Swapping Plants and Tips with DC-area Gardeners
Guest Blog by Daven Desai
The 8th annual DC Plant Swap by Washington Gardener Magazine took place on Saturday, June 13th at the US National Arboretum in DC. Dozens of folks drove in from Virginia, across the District, and Eastern Maryland to take part in the plant swap.
Every year, people bring out their own plants, from edibles to perennials, these gardening enthusiasts love exchanging what they have grown for something entirely different. When Kathy Jentz, editor-in-chief of Washington Gardener Magazine Magazine blew her whistle, folks eagerly rushed to pick up their plant of choice. In order to participate, one must bring something to give up from their garden. A few gardening supporters also came out just to hang with these plant-lovers.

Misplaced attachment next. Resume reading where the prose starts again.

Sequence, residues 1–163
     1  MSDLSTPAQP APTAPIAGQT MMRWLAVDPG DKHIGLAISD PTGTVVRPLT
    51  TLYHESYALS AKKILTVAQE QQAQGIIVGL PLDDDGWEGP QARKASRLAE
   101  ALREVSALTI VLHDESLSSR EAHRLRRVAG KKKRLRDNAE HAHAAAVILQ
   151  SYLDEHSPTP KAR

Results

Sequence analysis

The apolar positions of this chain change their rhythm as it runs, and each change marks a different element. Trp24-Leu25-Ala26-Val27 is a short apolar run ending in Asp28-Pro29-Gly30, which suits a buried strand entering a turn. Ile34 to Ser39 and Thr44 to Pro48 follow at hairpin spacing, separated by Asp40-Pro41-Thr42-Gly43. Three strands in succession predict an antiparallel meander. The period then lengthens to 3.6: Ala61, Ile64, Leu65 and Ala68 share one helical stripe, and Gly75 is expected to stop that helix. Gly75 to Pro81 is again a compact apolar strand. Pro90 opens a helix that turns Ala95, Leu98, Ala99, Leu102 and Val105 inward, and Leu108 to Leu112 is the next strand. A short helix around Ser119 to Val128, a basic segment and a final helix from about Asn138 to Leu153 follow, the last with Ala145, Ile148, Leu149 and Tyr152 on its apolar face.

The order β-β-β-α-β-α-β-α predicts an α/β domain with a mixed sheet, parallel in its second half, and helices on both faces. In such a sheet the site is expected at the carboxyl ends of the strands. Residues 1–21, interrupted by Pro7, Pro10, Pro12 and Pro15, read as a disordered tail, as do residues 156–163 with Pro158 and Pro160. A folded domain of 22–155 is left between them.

With just a portion of the parking lot at the Arboretum each space was labeled with a plant category. There were houseplants, water plants, and even edibles! The amount in variety was great, though it was clear that it was a plant swap full of mostly sun to part-sun perennials this year.
The schedule of the event was pretty simple. Participants arrived, they unloaded their plants and then separated them by category according to the labeled spaces. Once the event began, participants gathered at the end of the parking lot in introduce themselves and to tell the rest of us what they had brought to exchange. After the introductions, they all lined up against the partition that separated the parking lot in front of the plants. When Jentz blew her whistle, participants would run over to grab their shrub, herb, or plant of choice. Jentz repeated this for another two rounds before opening up the lot as a free-for-all.
From all the plants that arrived in the morning, each one was given a new home. The 8th Annual DC Plant Swap was a success!
About the Author
Daven Desai is a senior at the University of Maryland, College Park. He is a broadcast journalism student at the Philip Merrill College of Journalism. This summer, he is also an editorial intern for Washington Gardener Magazine.